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Physical Environment - Nutrient Cycles


In order to understand the ANWR ecosystem, it is also necessary to investigate the energy and nutrient cycles. The carbon balance of the ecosystem has been highly influenced by global climate changes and CO2 content changes. The arctic contains 11% of the world's organic matter pool, and within the arctic tundra ecosystems, there are both carbon sinks and carbon sources. Vegetation changes in the Alaskan tussock tundra over the past decade has brought about important feedbacks on the region's biogeochemical cycles, mostly through altered rates of carbon and energy exchange between biosphere and atmosphere. Modeling analysis suggests that the source/sink strength of tundra depends on changes in photosynthesis that result from the partitioning of nitrogen between vegetation and soils, and on changes in soil moisture, which affect soil respiration rates. All of these factors may be affected by machine and human activity in the region and disturbances in the permafrost.

Nutrient cycling and fertilization studies in arctic ecosystems show that plant growth is strongly limited by nutrient availability. Such activity depends highly on decomposition, nitrogen mineralization, phosphorous availability, and controls on carbon and nutrient cycles, which in turn depend on temperature, moisture, decomposability of litter inputs, depth of thaw, etc.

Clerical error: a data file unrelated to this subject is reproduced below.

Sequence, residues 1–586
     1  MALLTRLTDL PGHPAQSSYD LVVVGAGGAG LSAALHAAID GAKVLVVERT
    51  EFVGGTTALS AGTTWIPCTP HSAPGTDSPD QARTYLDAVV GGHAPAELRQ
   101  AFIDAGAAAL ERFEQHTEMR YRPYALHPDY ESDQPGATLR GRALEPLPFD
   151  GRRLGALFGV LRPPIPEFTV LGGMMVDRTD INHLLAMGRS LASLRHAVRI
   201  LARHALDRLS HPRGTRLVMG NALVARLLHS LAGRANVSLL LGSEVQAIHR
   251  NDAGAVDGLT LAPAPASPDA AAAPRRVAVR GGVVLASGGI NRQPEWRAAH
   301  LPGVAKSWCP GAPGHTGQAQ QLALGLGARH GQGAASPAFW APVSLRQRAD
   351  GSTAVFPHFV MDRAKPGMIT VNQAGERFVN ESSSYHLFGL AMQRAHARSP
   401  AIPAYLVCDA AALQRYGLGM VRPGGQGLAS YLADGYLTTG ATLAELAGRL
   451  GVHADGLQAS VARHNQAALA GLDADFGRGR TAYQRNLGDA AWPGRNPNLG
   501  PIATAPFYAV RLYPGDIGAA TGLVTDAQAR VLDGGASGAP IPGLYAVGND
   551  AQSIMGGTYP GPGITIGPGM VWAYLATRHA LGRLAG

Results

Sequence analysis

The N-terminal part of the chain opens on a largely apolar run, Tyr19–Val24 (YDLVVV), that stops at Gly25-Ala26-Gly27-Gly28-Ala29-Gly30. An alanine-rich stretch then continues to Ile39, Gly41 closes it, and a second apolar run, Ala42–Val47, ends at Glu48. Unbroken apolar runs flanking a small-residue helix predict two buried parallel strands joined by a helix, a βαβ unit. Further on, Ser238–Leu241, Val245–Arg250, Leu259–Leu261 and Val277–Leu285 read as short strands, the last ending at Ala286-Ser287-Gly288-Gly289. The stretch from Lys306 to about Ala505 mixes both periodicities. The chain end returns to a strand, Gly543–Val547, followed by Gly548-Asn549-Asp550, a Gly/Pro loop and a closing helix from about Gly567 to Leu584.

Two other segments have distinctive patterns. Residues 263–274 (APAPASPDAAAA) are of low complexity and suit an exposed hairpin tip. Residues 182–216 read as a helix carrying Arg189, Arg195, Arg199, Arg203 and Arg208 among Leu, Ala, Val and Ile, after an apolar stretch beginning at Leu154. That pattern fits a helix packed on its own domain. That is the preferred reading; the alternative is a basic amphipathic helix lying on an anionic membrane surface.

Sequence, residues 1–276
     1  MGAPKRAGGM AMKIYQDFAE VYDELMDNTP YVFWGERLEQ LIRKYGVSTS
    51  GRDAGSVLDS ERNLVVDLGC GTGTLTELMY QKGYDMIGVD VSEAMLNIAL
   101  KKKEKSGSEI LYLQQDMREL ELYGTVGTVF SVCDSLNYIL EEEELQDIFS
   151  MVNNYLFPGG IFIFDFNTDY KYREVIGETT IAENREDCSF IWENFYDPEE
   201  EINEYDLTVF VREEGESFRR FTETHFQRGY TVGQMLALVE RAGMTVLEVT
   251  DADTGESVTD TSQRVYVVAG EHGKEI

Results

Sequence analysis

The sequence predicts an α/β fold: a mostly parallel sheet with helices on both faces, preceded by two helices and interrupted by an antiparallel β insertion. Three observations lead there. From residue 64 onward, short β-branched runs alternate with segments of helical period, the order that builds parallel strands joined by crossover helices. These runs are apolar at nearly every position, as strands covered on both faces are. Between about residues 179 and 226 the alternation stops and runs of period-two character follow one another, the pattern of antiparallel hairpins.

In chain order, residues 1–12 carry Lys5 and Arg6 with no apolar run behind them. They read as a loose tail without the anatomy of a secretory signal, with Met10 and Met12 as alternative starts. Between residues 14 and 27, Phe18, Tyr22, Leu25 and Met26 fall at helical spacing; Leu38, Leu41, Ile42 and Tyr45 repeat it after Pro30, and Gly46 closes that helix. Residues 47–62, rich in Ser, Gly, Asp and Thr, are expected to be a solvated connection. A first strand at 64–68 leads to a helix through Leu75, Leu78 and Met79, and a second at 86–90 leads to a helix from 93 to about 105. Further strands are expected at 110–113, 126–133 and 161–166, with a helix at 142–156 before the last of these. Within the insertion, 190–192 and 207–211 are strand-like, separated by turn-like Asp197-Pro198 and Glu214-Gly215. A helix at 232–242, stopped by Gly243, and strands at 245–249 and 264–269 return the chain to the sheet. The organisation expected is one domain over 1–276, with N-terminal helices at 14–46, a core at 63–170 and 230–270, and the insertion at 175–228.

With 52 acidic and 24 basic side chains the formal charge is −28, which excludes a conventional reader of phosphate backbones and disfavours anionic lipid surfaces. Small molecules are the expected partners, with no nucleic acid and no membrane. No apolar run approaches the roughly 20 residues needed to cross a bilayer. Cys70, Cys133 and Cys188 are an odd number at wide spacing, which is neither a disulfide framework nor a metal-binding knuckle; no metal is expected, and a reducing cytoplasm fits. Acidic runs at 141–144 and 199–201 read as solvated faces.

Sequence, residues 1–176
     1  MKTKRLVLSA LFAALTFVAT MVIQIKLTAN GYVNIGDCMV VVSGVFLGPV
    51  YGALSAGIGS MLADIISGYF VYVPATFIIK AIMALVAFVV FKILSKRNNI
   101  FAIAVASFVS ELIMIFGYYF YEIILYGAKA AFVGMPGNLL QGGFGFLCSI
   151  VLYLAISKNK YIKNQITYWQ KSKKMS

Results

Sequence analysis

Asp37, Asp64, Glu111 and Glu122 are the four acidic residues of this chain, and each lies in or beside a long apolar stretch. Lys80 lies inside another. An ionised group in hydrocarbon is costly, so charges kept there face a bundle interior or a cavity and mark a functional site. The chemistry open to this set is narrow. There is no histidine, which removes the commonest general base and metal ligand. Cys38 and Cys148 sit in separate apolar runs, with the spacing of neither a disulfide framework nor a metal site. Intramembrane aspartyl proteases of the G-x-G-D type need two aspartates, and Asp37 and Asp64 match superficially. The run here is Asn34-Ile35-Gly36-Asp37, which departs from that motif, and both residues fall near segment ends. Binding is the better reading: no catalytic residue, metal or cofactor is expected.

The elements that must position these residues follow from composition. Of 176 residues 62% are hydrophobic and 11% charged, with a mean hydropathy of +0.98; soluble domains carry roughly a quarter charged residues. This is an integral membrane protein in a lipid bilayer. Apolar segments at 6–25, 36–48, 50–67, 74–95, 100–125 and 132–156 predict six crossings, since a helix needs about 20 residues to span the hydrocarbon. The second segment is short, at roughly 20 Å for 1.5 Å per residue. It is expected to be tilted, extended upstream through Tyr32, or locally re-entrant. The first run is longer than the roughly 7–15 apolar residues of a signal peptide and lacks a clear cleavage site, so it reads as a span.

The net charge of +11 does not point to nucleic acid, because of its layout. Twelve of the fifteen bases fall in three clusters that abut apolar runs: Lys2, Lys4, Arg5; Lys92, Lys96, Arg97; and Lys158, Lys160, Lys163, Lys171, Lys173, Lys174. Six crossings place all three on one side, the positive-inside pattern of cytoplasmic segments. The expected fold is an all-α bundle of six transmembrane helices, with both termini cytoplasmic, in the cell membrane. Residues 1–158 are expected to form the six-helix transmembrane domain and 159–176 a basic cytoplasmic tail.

Current Net Ecosystem Carbon Storage and Flux

Carbon pools and rates of carbon accumulation vary, depending on vegetation type and environmental conditions.

More than 90% of the carbon in arctic ecosystems is located in soils, with even higher percentages (98%) in soils of northern peatlands. In upland boreal forest, in contrast, only about 55% of the ecosystem carbon is found in the soil. Not only is the proportion of soil carbon substantial, but so are the absolute amounts. Arctic tundra has 55 Pg (petagrams) of carbon stored as soil organic matter in the A horizon, compared with 87.5 Pg in non-peatland boreal forest and 122 Pg in forest peatlands and Gorham's estimates of 455 Pg C are considerably higher (1991).

Tussock and wet sedge tundra soils account for the bulk of circumpolar tundra carbon stores because they have large amounts of carbon per square meter and cover large areas. Although per unit area carbon storage in polar semi-deserts is only about one-half that in the wet sedge tundra, the greater extent of these semi-deserts results in carbon stores approaching those of wet sedge tundra.

For these large stores of soil organic matter to have accumulated in northern ecosystems, production must have exceeded decomposition at some time in the past. Recent estimates indicate that northern ecosystems still constitute a small net sink for atmospheric carbon; current accumulation rates, however, are difficult to assess (Post, 1990; Gorham, 1991). Because the rates vary with conditions and ecosystem type, soil carbon accumulation is positive in some areas and negative in others. The overall balance is still uncertain (Chapin 1991).


Carbon Balance of Arctic Plants and Ecosystems(and the relation with global warming)